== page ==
NASHVILLE-There is only one Sam Bush, a son of Kentucky who found a light of inspiration from Bill Monroe and his Blue Grass Boys and caught fire from Bob Marley and The Wailers. A self-described progressive hippie, Bush’s full story, Revival: The Sam Bush Story, just released digitally via Amazon, chronicles the life and career of the newgrass-creator, a musical iconoclast. Since its debut at the Nashville Film Festival in 2015, where it won the award for Best Music Documentary, the production continues to earn more awards.
The film opens with a poignant interview with Chris Thile commenting on the early pressure by bluegrass traditionalists who looked at him as the next Bill Monroe which Bush had the courage to say “No, I’m going to be the first Sam Bush.” In the film, noted musicians – from Alison Krauss to John Oates, from the Avett Brothers to Thile – say many of today’s biggest acts in bluegrass, newgrass, Americana and the jam-band scene owe huge a debt of gratitude to Bush.
A Bowling Green, Kentucky native, Bush began as a teen fiddler, a three-time national champion in the junior division of the National Oldtime Fiddler's Contest. In the spring of 1970 Bush attended the Fiddlers Convention and was introduced to rock-inspired progressive bluegrass, a game changer for him.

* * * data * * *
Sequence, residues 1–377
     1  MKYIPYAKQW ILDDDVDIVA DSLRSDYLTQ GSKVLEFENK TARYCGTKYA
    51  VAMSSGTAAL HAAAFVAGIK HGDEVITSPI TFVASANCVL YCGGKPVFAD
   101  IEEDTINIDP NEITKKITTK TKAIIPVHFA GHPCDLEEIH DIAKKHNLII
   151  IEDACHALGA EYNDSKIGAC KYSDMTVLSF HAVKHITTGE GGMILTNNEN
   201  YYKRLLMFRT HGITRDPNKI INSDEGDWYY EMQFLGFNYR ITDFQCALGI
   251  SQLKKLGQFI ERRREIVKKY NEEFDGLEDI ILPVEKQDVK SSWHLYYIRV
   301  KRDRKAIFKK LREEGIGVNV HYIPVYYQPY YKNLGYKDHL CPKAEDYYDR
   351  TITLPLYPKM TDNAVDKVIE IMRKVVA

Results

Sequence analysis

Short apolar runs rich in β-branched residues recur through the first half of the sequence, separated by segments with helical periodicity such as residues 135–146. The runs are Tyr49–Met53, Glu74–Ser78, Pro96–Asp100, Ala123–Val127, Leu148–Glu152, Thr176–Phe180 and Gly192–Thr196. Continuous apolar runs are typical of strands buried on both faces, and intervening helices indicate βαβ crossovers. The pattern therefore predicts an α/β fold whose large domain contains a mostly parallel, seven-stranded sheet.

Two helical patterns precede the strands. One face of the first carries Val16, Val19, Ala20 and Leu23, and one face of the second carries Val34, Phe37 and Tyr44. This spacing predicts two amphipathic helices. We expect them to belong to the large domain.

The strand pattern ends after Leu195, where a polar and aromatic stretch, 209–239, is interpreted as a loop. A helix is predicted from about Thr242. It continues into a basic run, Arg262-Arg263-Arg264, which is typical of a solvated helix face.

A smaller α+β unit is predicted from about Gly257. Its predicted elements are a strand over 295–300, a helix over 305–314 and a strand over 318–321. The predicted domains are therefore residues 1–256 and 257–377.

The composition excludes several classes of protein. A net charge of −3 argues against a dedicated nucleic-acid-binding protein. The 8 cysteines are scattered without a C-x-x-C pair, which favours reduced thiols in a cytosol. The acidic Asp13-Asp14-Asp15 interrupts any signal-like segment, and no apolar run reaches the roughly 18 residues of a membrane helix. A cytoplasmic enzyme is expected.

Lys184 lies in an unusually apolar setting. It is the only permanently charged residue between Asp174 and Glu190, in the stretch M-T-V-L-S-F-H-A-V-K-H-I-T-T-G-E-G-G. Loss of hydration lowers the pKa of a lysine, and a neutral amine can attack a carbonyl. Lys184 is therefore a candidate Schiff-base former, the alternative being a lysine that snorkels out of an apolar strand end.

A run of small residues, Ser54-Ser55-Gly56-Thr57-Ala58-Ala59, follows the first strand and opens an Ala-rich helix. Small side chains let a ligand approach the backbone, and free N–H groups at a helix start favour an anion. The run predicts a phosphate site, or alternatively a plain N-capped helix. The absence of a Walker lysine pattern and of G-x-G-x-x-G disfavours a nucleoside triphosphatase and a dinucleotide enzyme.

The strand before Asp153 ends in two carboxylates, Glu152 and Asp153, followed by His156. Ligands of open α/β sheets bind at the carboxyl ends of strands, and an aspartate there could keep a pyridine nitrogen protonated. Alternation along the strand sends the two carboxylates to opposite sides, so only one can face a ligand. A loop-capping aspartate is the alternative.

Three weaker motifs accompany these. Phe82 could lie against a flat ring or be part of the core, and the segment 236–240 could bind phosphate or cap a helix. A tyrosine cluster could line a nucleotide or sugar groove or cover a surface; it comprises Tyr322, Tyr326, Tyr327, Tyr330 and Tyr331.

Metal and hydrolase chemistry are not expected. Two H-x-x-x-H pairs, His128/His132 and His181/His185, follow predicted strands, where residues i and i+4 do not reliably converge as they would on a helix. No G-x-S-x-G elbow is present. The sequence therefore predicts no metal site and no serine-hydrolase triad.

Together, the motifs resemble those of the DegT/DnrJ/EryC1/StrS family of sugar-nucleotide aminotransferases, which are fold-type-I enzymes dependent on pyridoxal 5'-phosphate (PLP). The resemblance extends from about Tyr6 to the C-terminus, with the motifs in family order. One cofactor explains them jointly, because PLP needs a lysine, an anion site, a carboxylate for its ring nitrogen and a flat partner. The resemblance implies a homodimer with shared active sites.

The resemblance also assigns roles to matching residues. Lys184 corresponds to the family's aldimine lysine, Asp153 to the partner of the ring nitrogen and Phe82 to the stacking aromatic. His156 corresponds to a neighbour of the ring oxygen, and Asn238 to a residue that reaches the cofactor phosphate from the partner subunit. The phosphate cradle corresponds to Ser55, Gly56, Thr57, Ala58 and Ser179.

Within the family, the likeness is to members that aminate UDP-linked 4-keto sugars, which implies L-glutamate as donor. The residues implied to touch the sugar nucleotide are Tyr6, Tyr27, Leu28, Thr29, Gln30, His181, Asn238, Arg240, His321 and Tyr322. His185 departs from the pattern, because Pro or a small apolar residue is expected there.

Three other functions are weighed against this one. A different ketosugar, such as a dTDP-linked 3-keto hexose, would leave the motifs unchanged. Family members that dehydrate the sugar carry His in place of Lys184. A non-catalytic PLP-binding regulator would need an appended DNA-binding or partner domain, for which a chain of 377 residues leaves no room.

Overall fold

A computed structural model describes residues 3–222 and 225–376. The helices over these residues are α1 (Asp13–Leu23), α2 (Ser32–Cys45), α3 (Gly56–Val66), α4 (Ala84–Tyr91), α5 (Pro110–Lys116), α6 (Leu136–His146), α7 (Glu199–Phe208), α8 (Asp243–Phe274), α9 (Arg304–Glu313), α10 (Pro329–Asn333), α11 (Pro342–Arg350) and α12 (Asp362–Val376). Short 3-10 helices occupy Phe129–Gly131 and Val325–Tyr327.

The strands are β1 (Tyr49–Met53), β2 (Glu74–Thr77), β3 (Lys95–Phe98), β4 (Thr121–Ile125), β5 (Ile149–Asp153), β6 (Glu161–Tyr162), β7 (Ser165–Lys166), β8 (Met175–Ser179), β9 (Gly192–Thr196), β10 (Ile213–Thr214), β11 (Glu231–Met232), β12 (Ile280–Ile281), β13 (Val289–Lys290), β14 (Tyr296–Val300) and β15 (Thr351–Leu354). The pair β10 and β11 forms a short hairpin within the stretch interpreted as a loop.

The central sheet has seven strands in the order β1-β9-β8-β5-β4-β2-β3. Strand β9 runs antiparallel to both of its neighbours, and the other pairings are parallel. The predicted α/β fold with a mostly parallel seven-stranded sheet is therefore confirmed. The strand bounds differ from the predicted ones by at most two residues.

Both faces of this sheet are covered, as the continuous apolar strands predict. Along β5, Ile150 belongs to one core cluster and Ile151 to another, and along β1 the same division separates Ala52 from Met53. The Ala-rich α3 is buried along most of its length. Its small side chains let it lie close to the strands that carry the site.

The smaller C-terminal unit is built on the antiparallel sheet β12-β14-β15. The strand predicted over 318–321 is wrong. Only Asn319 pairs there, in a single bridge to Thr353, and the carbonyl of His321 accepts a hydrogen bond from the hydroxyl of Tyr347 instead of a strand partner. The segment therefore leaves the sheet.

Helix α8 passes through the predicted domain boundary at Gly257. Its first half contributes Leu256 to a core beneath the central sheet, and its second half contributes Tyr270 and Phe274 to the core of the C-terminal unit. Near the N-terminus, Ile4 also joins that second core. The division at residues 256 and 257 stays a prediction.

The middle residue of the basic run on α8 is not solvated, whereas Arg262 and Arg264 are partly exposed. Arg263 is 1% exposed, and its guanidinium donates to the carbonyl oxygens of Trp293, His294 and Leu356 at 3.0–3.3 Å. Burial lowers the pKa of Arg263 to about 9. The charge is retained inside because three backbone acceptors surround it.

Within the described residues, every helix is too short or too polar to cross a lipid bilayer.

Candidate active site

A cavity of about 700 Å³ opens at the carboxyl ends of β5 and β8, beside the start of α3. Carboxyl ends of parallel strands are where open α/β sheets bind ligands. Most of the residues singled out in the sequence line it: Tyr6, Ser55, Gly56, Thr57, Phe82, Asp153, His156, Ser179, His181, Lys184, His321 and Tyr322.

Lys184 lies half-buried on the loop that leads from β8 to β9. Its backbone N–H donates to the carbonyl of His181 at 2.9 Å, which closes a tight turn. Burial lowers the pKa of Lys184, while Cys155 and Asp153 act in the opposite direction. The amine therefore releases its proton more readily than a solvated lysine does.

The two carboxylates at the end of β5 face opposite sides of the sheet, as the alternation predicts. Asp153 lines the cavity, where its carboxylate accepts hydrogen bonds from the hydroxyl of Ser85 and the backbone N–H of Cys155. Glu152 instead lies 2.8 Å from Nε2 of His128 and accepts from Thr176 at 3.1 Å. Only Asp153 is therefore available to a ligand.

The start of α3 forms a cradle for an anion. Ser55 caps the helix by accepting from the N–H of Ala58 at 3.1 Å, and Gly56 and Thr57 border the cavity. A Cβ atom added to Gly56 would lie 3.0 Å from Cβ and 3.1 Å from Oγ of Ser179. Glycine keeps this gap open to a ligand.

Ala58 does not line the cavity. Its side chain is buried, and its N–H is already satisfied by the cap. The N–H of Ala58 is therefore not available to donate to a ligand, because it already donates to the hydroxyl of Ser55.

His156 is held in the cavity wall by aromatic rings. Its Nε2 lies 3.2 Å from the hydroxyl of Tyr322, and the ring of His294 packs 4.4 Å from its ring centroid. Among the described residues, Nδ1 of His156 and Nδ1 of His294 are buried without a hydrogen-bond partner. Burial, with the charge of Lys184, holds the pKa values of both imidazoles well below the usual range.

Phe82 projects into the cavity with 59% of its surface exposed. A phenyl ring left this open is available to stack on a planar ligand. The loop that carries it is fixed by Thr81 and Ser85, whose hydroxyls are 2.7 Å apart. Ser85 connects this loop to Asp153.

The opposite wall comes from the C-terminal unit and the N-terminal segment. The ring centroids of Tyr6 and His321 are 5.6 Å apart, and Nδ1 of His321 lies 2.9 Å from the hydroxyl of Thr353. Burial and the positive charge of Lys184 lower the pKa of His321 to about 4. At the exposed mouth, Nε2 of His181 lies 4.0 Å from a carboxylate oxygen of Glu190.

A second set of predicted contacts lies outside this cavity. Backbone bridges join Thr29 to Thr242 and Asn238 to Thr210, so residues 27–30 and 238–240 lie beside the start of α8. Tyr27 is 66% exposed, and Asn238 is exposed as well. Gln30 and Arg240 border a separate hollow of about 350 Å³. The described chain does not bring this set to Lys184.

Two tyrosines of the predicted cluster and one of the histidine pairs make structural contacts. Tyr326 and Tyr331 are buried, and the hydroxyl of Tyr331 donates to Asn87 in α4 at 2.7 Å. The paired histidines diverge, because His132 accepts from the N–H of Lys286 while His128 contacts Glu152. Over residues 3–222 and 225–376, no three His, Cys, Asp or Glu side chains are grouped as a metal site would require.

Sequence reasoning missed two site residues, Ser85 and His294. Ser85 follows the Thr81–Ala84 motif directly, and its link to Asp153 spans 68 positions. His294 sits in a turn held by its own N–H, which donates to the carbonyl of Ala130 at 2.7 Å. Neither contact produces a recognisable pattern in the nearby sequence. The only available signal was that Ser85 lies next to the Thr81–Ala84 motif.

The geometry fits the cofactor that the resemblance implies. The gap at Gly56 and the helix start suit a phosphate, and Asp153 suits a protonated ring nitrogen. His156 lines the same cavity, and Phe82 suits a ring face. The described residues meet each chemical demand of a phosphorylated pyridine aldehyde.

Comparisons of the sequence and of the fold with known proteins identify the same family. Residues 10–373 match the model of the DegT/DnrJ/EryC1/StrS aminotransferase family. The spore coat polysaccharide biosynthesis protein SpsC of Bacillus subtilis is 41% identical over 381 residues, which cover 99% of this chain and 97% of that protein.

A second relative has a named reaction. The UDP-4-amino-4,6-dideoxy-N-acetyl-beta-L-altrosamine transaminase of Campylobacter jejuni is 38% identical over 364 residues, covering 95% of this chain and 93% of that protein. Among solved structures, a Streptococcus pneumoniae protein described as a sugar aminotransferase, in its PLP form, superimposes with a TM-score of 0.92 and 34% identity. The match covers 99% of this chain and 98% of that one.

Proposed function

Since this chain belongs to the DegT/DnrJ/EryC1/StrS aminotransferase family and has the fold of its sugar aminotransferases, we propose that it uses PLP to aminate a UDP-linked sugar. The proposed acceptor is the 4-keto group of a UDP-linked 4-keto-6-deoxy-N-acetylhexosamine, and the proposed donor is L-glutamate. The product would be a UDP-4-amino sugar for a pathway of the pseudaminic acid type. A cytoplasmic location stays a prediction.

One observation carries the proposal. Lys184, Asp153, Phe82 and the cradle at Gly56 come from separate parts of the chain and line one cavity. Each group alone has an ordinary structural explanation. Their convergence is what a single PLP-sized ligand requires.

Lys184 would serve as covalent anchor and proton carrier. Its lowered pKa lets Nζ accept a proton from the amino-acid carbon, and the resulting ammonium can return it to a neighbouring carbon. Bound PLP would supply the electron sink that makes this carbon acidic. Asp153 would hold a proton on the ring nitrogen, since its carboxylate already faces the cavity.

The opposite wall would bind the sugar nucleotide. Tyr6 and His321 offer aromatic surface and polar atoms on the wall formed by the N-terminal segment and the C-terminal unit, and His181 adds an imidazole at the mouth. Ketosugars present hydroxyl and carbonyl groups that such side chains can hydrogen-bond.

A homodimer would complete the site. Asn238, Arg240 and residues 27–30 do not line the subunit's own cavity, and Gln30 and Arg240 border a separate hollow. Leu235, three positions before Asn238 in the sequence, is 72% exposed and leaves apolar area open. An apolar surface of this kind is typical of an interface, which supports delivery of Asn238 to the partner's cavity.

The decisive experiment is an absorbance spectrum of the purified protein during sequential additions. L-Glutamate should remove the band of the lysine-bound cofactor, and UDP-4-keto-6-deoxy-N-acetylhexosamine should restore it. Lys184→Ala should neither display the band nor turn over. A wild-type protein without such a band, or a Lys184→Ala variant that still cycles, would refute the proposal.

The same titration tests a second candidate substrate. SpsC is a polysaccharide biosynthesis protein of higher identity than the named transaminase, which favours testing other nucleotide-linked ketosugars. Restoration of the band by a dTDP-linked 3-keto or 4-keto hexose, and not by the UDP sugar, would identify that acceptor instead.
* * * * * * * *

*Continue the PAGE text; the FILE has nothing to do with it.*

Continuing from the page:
Bush recalls when Roy Acuff offered him a spot in his band, he politely turned it down. He had discovered electrified alternatives to tradition in the Osborne Brothers and manifest destiny in The Dillards.
Bush became well-known as a member of New Grass Revival playing bluegrass fests slotted in late-night sets for the “long-hairs and hippies.” The group garnered the attention of Leon Russell who hired New Grass as his supporting act on a massive tour that put the band in front of tens of thousands. The group issued five albums in their first seven years, and in 1979 became Russell’s backing band.
A three-record contract with Capitol Records and a conscious turn to the country market took the Revival to new commercial heights. Bush survived a life-threatening bout with cancer, while their celebrated chart-climbing singles earned Grammy nominations. At their zenith, the group called it quits.
Bush worked with Emmylou Harris’ Nash Ramblers followed by a stint with Lyle Lovett earning multiple awards. In 1995 he united with Bela Fleck and the Flecktones, reigniting his penchant for improvisation. After a quarter-century of making music with New Grass Revival and collaborating with other bands, Sam Bush went solo.
“I am free to try anything,” says Bush. “Looking back at the last 50 years of playing newgrass, with the elements of jazz improvisation and rock-&-roll, jamming, playing with New Grass Revival, Leon, and Emmylou; it’s a culmination of all of that.”
The film is indeed a culmination of “all of that.”
Revival: The Sam Bush Story can be rented or purchased digitally via Amazon, with more networks to add the film in the coming year.